This is undoubtedly a family film, and one not aiming for much appreciation of basic logic. Ultimately enjoying the film means rolling along with the idea that a kid could essentially dig up a 70s Chevy Impala and turn around to win the Forumla 1 world championship. All things being equal that’s not a remarkable suspension of disbelief for a kid’s film, but it’s not ultimately servicing a more well thought out thematic point. For all the success of the father-son chemistry, the film never gets a handle on the relationship between father, son, and robot. In a world of outlandish designs and impersonal hulks of metal, Atom is an anthropomorphized bot that sports a smiling face and is clearly suggested to be if not fully-sentient, a machine with some kind of thoughts or feelings. His connection to Max is forged through a cute scene in which they train together and share a moment of understanding, and yet this is almost immediately abandoned as the film refocuses on father and son. Since Atom is at first controlled by remote, and then voice commands, and then the shadow function, there is never a defined dynamic between the three of them, which makes the whole feeling of triumph and perseverance murky.

That lack of a consistent set-up is important. At one point it seems to be that Charlie will ultimately pilot the bot, while Max connects with Atom as a friend, expressing the connection in a dance routine the boy and the bot do before fights. Silly as that sounds, it suggests a clear harmony in which all three of them play a part and contribute to a larger whole. Those set-ups are abandoned though, and it comes down to Max screaming on the sides while Charlie remotely pilots the bot, or leads him via pantomime on the sidelines. Why the film trashes a set up that allows a kid to succeed in the big leagues because all of the fighters are ultimately reduced to behind-the-remote skill is beyond me. It does make sense that Atom’s shadow function would ultimately require Charlie to literally “fight for” Max when the remote control systems fail, but the clear opportunity for that hand off is completely wasted. Even worse, the idea of the “shadow function” gives Charlie an opportunity to take charge for a while and prove himself as a brave fighter, while still giving Atom hid due. Had the film setup a climax in which Atom’s view of Charlie is blocked (a logistical problem that’s just ignored anyway), then it would have given Atom a chance to “wake up” and finish the fight himself. A wonderful moment in which this robot, which has been set up as a thinking creature, could rise up and pay off its own arc while organically paying off all of Max and Charlie’s investment in him would have been wonderful. Instead you get the same final battle montage and finish you’ve seen a dozen times.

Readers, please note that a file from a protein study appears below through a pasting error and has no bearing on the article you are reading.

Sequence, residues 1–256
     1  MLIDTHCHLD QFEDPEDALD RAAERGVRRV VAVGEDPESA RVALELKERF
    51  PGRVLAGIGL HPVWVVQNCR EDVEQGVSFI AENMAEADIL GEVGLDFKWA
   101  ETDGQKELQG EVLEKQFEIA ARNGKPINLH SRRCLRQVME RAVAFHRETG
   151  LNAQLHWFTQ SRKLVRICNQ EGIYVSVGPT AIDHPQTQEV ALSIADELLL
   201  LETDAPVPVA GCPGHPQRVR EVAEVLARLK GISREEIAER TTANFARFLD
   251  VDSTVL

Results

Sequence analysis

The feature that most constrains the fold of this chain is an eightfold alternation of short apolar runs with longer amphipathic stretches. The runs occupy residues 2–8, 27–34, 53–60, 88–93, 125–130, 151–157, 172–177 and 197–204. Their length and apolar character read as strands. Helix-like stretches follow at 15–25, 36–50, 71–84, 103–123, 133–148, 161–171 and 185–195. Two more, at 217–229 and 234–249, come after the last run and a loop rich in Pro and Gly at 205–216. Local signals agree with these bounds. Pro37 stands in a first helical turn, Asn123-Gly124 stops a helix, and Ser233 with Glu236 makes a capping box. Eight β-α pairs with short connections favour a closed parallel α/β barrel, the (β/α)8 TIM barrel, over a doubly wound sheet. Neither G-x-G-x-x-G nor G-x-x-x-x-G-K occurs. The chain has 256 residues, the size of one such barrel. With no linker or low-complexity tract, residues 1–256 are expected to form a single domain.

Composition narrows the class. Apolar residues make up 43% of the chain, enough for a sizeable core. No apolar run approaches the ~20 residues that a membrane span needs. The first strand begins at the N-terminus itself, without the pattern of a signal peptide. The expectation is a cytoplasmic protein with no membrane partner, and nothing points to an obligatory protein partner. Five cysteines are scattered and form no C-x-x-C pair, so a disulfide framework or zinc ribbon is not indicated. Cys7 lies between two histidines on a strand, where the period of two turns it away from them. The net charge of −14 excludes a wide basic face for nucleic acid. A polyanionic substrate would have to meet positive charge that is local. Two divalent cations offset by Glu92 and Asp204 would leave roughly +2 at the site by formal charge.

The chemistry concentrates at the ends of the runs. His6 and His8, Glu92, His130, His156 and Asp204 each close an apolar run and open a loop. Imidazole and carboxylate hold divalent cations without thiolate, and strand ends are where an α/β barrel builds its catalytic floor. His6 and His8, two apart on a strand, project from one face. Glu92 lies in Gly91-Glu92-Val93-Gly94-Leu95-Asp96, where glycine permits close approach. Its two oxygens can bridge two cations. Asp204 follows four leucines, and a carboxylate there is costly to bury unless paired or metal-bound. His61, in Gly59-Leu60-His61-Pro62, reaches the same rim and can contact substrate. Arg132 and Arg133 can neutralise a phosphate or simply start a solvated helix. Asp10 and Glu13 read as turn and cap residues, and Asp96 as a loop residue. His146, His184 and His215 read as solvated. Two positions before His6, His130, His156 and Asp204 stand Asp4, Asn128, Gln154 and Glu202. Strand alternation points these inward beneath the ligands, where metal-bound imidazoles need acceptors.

This core failure of one its important characters and the missed opportunities mar what otherwise would have been an unambitious but generally competent family sports spectacle. Had the film pulled off a clear theme to back its triumph, it would have been easy to ignore the lazy visualization of a future in which no corporate logos have changed in 20 years, cars are all clean current models, computers and cellphones have advanced only as far as concept art from six years ago, and Beats By Dre headphones are still being manufactured as they look right now. Had the film not failed a major character so harshly, it would be easier to write off a useless character like Charley’s exposition-spouting love interest and her apparently sacred, and yet completely unpatronized gym. Had the film stuck to logic that at least consistently served the trio’s dynamic, it wouldn’t be so annoying to accept a world with so little to say about (and such a shallow understanding of) technology and video games. Alas the script falls flat on all these levels, and it’s only by virtue of the stellar performances and sophisticated effects that the film almost, kinda works. Unfortunately Levy’s understated and effective capturing of the story and action flattens out when the story starts to climax into a snowballing mess of cliches.

It’s unfortunate that such a silly premise as a Rock ‘Em, Sock ‘Em Robots movie played straight was machined into a film that empowered such effective performances and lovely collaborations of practical and digital effects, and yet ultimately fails so fundamentally. That it actually cares about character and theme is even more disappointing because a better movie seems so within reach. While the momentum of this movie may convince many that it’s already in front of us, there is a film based on this idea –perhaps a few drafts away or a few rewrites removed from what was ultimately shot– that is genuinely great. Real Steel isn’t it. It’ll get the kids clapping though.


Out of a Possible 5 Stars